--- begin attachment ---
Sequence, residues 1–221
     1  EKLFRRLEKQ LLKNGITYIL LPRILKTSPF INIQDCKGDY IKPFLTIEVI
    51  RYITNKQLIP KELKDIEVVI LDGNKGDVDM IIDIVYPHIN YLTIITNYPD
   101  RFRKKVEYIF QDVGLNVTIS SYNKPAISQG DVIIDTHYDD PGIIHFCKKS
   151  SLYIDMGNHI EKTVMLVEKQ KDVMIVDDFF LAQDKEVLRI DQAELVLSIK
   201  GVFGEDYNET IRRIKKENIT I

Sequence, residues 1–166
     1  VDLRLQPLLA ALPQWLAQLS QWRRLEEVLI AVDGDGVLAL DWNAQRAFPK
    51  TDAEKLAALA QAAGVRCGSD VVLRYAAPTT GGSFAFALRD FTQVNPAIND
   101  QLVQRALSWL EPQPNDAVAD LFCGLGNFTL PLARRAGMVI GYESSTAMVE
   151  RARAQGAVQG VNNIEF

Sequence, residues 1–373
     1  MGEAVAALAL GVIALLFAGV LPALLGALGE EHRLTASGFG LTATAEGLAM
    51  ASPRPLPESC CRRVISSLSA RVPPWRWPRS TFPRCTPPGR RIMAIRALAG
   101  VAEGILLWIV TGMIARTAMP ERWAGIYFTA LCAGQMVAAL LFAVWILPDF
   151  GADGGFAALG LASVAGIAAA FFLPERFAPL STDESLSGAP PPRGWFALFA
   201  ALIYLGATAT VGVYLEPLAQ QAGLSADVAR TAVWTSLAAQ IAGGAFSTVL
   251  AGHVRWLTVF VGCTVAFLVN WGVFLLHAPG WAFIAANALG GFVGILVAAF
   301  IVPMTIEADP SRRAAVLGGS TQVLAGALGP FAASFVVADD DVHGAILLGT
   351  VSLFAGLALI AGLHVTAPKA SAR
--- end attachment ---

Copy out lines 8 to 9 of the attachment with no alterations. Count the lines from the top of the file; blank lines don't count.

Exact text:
     1  VDLRLQPLLA ALPQWLAQLS QWRRLEEVLI AVDGDGVLAL DWNAQRAFPK
    51  TDAEKLAALA QAAGVRCGSD VVLRYAAPTT GGSFAFALRD FTQVNPAIND